Aviation Transportation Safety Investigation Report A18A0053
Loss of control and collision with water
de Havilland DHC-2 Mk. I (Beaver), C-FCOO
Goose (Otter Creek) water aerodrome, Happy Valley-Goose Bay, Newfoundland and Labrador
The Transportation Safety Board of Canada (TSB) investigated this occurrence for the purpose of advancing transportation safety. It is not the function of the Board to assign fault or determine civil or criminal liability. This report is not created for use in the context of legal, disciplinary or other proceedings. See Ownership and use of content.
History of the flight
On 11 July 2018, the privately operatedFootnote 1 single-engine, float-equipped de Havilland DHC-2 Mk. I Beaver aircraft (registration C-FCOO, serial number 314) departed Goose (Otter Creek) water aerodrome (CCB5), Happy Valley-Goose Bay, Newfoundland and Labrador, on a visual flight rules (VFR) flight to the aircraft owner's fly-in fishing lodge to deliver supplies and drop off an employee. In addition to the employee, there were 2 licensed pilots on board: a qualified training pilot and a trainee who was working toward his seaplane rating.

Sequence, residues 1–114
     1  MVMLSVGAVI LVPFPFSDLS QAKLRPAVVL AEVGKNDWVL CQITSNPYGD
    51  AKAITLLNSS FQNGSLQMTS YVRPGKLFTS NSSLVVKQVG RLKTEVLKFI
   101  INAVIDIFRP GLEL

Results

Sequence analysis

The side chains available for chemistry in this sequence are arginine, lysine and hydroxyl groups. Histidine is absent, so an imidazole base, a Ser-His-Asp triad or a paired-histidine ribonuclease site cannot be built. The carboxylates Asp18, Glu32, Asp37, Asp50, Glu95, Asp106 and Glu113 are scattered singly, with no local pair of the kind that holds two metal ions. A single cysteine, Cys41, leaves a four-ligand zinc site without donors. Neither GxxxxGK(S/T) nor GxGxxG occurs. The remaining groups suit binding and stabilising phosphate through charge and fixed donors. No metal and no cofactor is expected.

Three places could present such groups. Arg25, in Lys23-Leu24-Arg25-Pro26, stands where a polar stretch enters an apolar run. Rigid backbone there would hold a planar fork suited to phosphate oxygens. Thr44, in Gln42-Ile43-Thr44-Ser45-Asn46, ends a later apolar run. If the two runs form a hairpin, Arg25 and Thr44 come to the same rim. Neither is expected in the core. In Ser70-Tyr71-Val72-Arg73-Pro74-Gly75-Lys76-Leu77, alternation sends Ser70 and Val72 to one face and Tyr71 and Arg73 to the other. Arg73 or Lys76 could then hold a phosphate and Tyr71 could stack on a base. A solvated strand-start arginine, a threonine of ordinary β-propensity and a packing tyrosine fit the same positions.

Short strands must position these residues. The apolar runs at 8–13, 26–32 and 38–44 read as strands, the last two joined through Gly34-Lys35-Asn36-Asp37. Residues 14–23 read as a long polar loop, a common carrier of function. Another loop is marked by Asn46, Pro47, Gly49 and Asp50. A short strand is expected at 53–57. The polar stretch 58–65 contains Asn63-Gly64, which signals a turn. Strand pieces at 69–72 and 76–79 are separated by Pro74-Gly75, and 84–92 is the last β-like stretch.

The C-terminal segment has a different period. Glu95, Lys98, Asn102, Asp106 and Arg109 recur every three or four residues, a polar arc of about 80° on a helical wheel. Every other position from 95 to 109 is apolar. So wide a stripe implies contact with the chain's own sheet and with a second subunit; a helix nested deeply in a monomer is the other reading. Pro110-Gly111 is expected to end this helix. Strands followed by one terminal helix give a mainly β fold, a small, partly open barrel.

On the return flight to CCB5, with only the 2 pilots on board, the trainee occupied the front left seat. This was his first training flight in a seaplane. The aircraft was equipped with a single control column, on the left side, and 1 headset, which the training pilot wore.
The winds at the time were around 5 knots from a southwesterly direction.
At approximately 2050,Footnote 2 the trainee was conducting the 1st of a planned series of practice water landings. During the flare, the training pilot told the trainee to pull back on the control column, and started to reach over to assist. Before the training pilot was able to reach the control column, the nose of the left float dug into the water, causing the aircraft to pull to the left. As the aircraft veered left, the right float struck the water perpendicular to the direction of flight and the aircraft rolled right, breaking off the right wing and coming to rest inverted in the water.